Within a day and a half, the weather still holding, Timmy O’Neill and I were at this exact same belay. Having free climbed all of the aid on Club International to arrive in the upper dihedrals by the afternoon, Timmy and I were jazzed and movin’. We were doing handstands on the summit by 5 p.m. Club International went amazingly smoothly, the crux being a delicate 5.1 lb face traverse out of the main corner system and into a splitter finger crack. Brooke and my “major variation” that bends out on the left side of the wall is called Don’t Get Piggy, 5.12a.

As Timmy and I ambled into Fairy Meadows, I spotted that look in Brooke’s eyes. She was ready for another one. The question was, “was I?” The weather was still holding, and a lotus petal was perched on her lips. By 8 p.m. the following day we stood at the base of the Lotus Flower Tower. It was dry from bottom to top, and nobody’s eyes but ours were on it. We made the bivy ledge by midnight and slept for the few hours of darkness that had finally found these northern territories. We woke to a pink flamingo band of clouds marching our way. “Damn, is the weather window closing? Let’s go.” Lotus’s famous headwall is as lovely and as stately as can be imagined. Sections of delicate face climbing connect splitter crack systems. By 2 p.m. we were on the summit eating snow until our mouths went numb and realizing we were just in time.

After three weeks in the Cirque, it was finally time to wish farewell to Timmy, Brooke, and John. We had all summited the Lotus and a few other dreamy peaks and, well, I wanted to stay for more. Ha! No, I had really planned to stay a bit longer and climb with my friend Josh Wharton. But saying goodbye is always difficult—especially because I was left completely alone (but only for a day) within this majestic cirque, sharing the place only with those ancient goateed beasts chipping their hoof-marked trails into the snow and ice and earth.

I had another two weeks though—to sit in the tent and fester, I thought. But when the new recruits arrived, Chris Hampston, Kevin Cochrin, and Josh Wharton, they brought with them renewed energy and optimism. After humping beastly loads up into Fairy Meadows, Josh and I set our sights on Parrot Beak Peak, one of the largest and least explored walls within the cirque. I believe there was only one aid route on it, and that had been climbed just once! The line we were scoping took a meandering course up the center of the wall—delicate features, but all there.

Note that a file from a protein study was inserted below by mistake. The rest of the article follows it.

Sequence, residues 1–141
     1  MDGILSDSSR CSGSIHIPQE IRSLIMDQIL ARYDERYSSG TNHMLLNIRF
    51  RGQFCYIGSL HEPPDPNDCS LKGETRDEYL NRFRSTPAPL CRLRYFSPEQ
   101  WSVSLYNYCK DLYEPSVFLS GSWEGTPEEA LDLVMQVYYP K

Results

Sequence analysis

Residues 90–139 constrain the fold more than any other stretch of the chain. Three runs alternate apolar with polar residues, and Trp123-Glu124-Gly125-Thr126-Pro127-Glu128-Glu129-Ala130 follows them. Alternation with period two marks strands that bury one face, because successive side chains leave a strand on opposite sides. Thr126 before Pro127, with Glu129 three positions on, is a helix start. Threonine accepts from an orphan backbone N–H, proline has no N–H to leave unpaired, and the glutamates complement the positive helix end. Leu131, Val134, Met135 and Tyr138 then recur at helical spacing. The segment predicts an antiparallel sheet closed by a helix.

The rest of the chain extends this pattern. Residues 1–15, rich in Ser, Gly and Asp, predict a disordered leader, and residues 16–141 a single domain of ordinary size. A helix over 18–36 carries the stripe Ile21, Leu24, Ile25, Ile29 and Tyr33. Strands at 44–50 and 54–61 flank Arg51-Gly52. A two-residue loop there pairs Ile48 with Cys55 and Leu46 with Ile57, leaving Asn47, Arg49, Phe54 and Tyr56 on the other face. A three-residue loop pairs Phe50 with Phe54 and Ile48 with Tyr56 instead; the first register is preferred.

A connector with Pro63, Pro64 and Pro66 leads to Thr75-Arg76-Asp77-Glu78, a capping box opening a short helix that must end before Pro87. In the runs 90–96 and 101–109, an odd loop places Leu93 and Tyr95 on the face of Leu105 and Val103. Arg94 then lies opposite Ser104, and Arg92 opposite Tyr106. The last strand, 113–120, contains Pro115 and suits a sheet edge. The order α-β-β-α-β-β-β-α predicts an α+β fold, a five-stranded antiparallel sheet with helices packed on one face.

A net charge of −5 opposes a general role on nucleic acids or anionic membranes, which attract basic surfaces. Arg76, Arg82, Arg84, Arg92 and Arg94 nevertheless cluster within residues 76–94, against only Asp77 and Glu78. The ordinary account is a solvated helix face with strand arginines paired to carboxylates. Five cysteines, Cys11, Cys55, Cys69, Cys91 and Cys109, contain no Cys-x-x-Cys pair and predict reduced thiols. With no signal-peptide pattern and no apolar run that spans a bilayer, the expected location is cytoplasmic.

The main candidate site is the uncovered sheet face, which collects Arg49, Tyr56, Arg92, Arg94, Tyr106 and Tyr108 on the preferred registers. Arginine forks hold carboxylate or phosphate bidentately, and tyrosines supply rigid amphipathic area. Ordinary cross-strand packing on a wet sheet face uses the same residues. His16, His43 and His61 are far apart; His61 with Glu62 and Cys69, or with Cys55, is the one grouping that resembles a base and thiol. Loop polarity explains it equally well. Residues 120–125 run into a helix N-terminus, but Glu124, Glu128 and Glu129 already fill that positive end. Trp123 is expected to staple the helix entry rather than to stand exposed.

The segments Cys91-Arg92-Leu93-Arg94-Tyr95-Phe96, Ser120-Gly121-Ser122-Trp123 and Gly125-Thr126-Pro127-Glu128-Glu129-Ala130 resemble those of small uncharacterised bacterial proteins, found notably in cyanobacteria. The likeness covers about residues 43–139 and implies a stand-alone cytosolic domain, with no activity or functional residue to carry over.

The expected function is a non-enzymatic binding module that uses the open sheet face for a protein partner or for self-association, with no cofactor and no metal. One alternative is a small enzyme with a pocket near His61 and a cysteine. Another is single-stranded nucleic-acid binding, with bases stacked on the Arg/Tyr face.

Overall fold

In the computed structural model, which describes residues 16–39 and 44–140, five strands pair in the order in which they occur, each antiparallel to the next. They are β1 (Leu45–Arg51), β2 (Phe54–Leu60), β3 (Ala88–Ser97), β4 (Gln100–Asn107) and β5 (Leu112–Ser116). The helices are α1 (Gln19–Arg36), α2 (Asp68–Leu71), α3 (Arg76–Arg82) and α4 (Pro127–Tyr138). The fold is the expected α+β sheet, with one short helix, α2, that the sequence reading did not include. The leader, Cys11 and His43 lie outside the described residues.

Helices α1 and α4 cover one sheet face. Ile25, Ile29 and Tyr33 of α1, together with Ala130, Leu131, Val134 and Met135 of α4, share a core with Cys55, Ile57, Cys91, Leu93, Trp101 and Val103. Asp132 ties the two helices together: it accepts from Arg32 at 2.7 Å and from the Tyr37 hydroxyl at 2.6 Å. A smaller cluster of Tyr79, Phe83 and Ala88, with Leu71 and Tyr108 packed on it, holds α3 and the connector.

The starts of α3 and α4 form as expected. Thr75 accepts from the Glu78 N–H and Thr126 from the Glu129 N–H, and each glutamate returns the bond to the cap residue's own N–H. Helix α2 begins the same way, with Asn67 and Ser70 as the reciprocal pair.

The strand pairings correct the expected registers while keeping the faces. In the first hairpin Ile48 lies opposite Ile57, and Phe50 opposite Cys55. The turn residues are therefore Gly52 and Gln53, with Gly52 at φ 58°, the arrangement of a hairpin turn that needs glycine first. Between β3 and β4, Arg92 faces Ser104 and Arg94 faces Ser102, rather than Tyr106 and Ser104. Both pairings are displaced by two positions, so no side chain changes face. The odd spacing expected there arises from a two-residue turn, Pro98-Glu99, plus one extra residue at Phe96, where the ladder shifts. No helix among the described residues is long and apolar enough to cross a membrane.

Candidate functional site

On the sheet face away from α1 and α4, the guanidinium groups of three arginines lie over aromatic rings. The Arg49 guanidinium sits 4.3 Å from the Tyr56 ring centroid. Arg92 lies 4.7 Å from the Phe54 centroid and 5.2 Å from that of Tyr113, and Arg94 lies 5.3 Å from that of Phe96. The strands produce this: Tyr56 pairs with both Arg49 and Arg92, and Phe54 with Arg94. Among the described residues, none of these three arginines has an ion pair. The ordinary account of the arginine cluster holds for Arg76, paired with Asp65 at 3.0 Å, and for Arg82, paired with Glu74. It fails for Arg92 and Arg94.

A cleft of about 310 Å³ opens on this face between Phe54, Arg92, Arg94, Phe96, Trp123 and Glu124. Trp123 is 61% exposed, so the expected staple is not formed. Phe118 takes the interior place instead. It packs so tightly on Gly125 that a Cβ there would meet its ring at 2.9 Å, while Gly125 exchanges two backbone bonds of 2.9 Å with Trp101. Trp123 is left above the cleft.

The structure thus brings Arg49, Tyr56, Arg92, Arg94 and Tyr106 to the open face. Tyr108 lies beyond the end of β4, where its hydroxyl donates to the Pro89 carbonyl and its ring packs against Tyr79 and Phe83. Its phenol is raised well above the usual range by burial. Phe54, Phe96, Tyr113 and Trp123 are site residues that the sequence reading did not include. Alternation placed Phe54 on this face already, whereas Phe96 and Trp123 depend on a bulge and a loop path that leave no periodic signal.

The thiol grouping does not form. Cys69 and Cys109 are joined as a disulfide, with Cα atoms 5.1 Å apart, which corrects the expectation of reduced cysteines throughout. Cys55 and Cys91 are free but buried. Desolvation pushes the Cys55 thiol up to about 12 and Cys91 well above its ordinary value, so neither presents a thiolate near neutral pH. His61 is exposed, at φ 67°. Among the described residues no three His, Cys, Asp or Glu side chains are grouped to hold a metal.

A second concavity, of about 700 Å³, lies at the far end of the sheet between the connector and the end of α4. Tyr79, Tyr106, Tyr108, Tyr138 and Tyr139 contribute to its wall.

One day, after one too many Scrabble tournaments, one less cloud floated in the boiling skies, so Josh and I made for Parrot. Our plan was to work out the first few pitches of the route, because they looked thin and might require a bolt or two, or some spice work. Once we were actually on the wall, though, perfect edges and thin features appeared in the bullet granite. Within a few hours we were 600 feet up the wall without having placed a single pin or bolt. We hadn’t planned on continuing, but it wasn’t raining or snowing yet, so in a handful of hours more we were 2,000 feet up, and I was drilling the first bolt, for a belay. Josh was down below shivering and I had a T-shirt on my head for a beanie: unprepared is an understatement. The next gust of wind held a few raindrops and, without any shell layers, we were outta there, but enthralled with how the route was going and looking forward to our next attempt.

Another morning of mediocre weather, after many days of bad weather, left Josh and me wondering if we shouldn’t climb the Lotus. We figured we wouldn’t need much if we climbed it fast enough, and maybe we could beat the looming afternoon showers. Four and a half hours after beginning, we were standing on top of the Lotus Flower Tower, grins as big as the mountains. We simul-climbed most of the route, hootin’ and hollering to each other along the way. “Josh, don’t miss the splitter hand crack through the roof.” “Jonny, these knobs are insane!” It was great making it back to camp for lunch and the drumming of rain on the taut nylon.